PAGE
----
Thursday, July 09, 2009

A Couple of Fibery Visits

One of the great pleasures of our short trip was getting to go somewhere that had something to do with my fiber interests. I had allotted
a day to get there and to locate them. The actual locations turned out to be on the same road about a mile or so apart, so we spent much less time wandering around than I had anticipated.
The first place was Victory Alpaca Ranch in Mora, NM. I think they show up at some of the big fiber events. I know their web site is quite nice. The only alpacas I had ever seen were in little pens. These animals look much happier:
There were mothers with crias:

The shop with their products and many other gift and fiber choices was lovely. There was a gorgeous shawl that I have a good mental picture of. For sale, they had their own handspun, but it was out of my price range. They also had some roving, but what I saw was either dyed or in very small packs. Then I saw these bundles. Even though they are just carded, and the lady gave me instructions as if I were going to felt, I handspun a little bit of the fiber, and it worked beautifully. I will probably blend with wool anyway, so it will go through the carder again. (If this is the wrong thing to do, will someone please let me know.)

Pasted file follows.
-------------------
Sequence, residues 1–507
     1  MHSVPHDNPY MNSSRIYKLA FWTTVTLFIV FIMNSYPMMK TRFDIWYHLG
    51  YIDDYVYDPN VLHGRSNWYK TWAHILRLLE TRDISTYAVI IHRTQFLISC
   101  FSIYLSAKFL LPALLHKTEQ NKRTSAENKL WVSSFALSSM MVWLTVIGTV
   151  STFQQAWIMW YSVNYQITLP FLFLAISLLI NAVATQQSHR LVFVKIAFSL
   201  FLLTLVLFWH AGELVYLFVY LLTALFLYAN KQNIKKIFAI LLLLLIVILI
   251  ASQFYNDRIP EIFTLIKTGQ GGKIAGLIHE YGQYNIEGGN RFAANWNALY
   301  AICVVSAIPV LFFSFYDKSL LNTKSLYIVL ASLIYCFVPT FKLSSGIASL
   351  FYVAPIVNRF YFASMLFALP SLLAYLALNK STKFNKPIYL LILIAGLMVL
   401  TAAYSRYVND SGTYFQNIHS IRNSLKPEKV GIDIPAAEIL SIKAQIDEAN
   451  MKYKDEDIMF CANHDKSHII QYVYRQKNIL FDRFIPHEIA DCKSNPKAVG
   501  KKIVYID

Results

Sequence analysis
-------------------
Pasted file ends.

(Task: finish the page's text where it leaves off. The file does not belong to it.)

The next stop was on the corner of the turn to Victory Alpaca. The name of the business is Tapetes de Lana. It is a weaving center with several looms, only one of which was weaving at the time, and a new spinning facility out back. They produce yarns mostly for weaving, including very interesting Churro yarn that has lots of personality. The lady did show me some yarn blended from Cotswold and Rambouillet that she intended for knitters. They hope to produce more of that kind of yarn since they have expanded the mill. I bought three skeins of yarn that I plan to use on a triangle loom if I ever get one made. I actually have a small one already. I was also interested in the dye used.

Left to right, these are dyed with madder, indigo, and osage orange. For those of us who know that last one as bois d'arc or "bodark," a very tough wood used in fence posts, the idea of using it as a dye is rather interesting. The wool is Cotswold, spun to a rather firm worsted twist.
This business is a workshop designed to train workers and preserve crafts. They have sort of a fiber club that will be sending out samples of various yarns as they develop their products. They also have some looms and rugs on display at a coffeshop on the Plaza in Las Vegas. We looked at them as well.

1 comment:

Soonerbeknitting said...

I have been to both of these places. I loved Victory Ranch!

Sounds like you had a great trip.